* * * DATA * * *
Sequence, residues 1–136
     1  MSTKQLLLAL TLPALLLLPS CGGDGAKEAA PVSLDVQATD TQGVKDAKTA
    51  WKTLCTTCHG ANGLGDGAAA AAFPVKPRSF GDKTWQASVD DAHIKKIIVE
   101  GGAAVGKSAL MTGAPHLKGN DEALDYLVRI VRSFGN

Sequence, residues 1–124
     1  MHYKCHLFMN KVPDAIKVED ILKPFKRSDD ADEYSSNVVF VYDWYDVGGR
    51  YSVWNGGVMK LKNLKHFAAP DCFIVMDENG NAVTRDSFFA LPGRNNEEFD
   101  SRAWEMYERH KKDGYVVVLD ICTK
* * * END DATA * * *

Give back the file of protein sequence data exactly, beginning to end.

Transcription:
Sequence, residues 1–136
     1  MSTKQLLLAL TLPALLLLPS CGGDGAKEAA PVSLDVQATD TQGVKDAKTA
    51  WKTLCTTCHG ANGLGDGAAA AAFPVKPRSF GDKTWQASVD DAHIKKIIVE
   101  GGAAVGKSAL MTGAPHLKGN DEALDYLVRI VRSFGN

Sequence, residues 1–124
     1  MHYKCHLFMN KVPDAIKVED ILKPFKRSDD ADEYSSNVVF VYDWYDVGGR
    51  YSVWNGGVMK LKNLKHFAAP DCFIVMDENG NAVTRDSFFA LPGRNNEEFD
   101  SRAWEMYERH KKDGYVVVLD ICTK